And unless you're moving extremely large files all the time or using it as a scratch drive for things like video editing, PCIe 4.0 storage isn't going to be of much relevance either.

Don't be under the impression that just because the PS5 has an awesomely fast storage subsystem, games will suddenly require ultrafast storage to function properly. Games are designed to run on hardware that is the least common denominator and that includes quad-core CPUs with 8GB RAM and nothing but a HDD.
This almost certainly won't be the case on many big budget games, 3 years after the PS5 comes out.
 

Arkaign

Lifer
Oct 27, 2006
20,565
1,042
126
Which build is superior, A or B ?
a) Ryzen 9 3900X + X570 + Radeon RX 5700XT
b) 10900K + Gigabyte Aorus Ultra ATX z490 + RTX 2060 Super

I believe the Radeon has ray tracking and PCIe 4 ? Is the Radeon as good as or better than the 2060 Super?


The most demanding task is going to be FPS games. I will play a lot of Far Cry.
I will also be running Photoshop and Illustrator though being a newbie I won't be utilizing the programs anywhere near their intended capability .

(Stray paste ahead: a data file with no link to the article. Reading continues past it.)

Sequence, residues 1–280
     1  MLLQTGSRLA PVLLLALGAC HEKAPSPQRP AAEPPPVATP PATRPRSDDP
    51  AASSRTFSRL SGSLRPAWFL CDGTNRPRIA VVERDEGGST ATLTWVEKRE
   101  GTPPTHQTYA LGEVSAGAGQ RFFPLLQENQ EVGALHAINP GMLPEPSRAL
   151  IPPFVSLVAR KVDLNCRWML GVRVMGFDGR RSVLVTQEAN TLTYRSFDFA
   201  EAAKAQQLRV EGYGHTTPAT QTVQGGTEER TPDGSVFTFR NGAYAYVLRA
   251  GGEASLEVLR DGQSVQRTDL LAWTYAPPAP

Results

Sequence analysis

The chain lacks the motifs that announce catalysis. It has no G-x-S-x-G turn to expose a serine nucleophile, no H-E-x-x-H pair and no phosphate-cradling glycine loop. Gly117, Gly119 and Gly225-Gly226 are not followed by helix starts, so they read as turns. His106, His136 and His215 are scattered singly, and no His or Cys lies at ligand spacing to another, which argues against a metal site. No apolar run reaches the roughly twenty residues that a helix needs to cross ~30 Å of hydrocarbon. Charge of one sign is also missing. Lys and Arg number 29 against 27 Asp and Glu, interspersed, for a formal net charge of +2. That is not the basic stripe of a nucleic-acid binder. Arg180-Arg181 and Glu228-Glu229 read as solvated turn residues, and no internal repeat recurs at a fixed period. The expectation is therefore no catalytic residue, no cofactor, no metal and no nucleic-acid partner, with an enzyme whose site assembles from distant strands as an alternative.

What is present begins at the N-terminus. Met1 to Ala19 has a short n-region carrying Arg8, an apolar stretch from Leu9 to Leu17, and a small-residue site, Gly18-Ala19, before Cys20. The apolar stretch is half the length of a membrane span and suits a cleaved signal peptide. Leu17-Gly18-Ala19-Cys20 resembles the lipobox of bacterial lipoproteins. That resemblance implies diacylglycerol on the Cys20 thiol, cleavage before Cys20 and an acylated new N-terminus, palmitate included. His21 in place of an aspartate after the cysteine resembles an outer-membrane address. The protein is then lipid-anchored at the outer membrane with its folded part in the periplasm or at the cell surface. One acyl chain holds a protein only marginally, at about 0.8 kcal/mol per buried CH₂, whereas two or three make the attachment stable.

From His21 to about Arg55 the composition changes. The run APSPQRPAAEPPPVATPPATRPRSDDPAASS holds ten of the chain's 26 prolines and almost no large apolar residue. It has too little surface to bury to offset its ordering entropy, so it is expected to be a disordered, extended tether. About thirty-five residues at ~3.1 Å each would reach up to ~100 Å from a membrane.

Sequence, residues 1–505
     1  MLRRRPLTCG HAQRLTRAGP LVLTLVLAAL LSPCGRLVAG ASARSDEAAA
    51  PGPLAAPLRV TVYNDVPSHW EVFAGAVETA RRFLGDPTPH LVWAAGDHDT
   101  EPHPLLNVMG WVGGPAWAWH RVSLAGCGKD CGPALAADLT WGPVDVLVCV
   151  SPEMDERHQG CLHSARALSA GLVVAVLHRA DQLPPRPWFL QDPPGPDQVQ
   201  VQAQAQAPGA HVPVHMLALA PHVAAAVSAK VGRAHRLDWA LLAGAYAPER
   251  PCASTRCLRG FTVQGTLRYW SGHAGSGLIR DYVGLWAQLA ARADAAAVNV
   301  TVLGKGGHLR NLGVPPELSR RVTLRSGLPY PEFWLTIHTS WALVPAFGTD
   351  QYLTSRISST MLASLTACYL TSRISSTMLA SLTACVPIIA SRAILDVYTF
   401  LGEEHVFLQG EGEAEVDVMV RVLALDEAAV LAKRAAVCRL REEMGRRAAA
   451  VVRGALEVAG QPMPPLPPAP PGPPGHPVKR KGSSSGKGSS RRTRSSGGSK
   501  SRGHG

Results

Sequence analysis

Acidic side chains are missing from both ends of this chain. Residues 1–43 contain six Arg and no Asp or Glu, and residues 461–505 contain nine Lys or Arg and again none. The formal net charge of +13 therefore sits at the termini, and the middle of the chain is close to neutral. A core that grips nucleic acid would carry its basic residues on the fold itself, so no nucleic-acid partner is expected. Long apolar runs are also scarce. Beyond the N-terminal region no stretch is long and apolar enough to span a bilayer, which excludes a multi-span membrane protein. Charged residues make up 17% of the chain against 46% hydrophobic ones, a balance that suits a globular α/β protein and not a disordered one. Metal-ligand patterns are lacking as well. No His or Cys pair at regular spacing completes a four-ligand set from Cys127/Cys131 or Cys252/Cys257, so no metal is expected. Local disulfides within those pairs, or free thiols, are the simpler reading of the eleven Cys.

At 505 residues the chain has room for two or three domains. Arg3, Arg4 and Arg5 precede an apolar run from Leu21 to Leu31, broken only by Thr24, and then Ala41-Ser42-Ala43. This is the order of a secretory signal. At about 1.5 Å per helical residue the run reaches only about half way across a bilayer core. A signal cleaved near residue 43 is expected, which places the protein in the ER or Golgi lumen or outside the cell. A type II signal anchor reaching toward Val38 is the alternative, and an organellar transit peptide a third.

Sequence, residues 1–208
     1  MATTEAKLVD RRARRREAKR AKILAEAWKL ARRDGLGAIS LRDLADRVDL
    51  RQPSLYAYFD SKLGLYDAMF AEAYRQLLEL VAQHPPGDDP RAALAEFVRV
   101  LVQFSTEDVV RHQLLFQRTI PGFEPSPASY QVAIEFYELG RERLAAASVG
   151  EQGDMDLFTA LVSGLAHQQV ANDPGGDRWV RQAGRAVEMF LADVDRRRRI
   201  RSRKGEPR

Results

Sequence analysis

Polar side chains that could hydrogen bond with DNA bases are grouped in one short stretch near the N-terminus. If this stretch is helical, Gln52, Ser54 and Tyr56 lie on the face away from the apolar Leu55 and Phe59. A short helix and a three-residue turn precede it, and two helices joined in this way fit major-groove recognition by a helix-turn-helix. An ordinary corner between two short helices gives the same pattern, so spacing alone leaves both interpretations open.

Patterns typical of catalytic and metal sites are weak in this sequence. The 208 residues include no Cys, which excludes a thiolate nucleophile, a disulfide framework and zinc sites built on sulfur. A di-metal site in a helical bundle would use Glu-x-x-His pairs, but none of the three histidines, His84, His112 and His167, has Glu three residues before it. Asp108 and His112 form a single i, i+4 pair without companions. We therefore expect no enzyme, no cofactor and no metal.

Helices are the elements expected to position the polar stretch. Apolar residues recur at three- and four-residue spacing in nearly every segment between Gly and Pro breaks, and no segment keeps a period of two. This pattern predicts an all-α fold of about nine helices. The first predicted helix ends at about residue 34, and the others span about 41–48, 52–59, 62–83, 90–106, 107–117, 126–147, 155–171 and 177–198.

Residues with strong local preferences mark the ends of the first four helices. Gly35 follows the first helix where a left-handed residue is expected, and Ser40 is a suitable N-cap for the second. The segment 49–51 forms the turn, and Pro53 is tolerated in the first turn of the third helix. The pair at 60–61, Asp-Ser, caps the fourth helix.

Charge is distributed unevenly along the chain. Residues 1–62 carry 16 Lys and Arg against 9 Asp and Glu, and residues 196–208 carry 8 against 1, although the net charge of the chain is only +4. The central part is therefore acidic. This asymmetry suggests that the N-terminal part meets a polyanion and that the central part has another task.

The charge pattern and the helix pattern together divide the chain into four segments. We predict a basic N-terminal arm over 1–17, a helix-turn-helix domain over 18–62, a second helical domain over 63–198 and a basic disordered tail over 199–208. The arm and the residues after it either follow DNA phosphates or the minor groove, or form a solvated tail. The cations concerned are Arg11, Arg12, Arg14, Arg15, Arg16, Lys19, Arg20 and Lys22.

I will be running Solidworks (CAD program) but don't see myself designing an assembly containing more than 50 individual parts. At my college we have HP Xeon workstations with Nvida Quadro P2000 cards for Solidworkds but these are a few years old now.
If your most demanding use will be FPS games, especially Far Cry, I think your build doesn't need to be so CPU heavy. Far Cry (and Ubi titles in general) also run much faster on Intel. But you definitely don't need a 10900K for that. A 10700K build will let you put a lot more $ towards GPU, and have an overall superior gaming experience.

Solidworks is terrible at using multiple cores as well, so that will be basically looking for the fastest per core performance, and not be very different between 4 cores or 64 cores.

Photoshop/Illustrator, wouldn't worry too much unless you were going to sit there all day long, but the pro/con is pretty tiny overall.

I'd wait to see what the XT refresh brings, but think you'd honestly be better off with a 3700X or 10700K (or even 3600XT or 10600K!) than you would be in overchasing CPU.

Look at this, and this is with a lowly 1080FE, and non-OC CPUs :
 

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VirtualLarry

Lifer
Aug 25, 2001
49,495
5,583
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I could see newest AAA PC games (ports) requiring AN SSD, but requiring a PCI-E 4.0 NVMe SSD? Thus necessitating a newer platform (Intel still doesn't have a full consumer PCI-E 4.0 solution until...Rocket Lake?), thus currently making the requirement for AMD AM4-only (or TR4/TRX40-only too), and not only that, but Zen2 and newer CPUs, and B550 and X570 and newer mobos. Only the newest cutting-edge (AMD platform) gamers would have that kind of rig.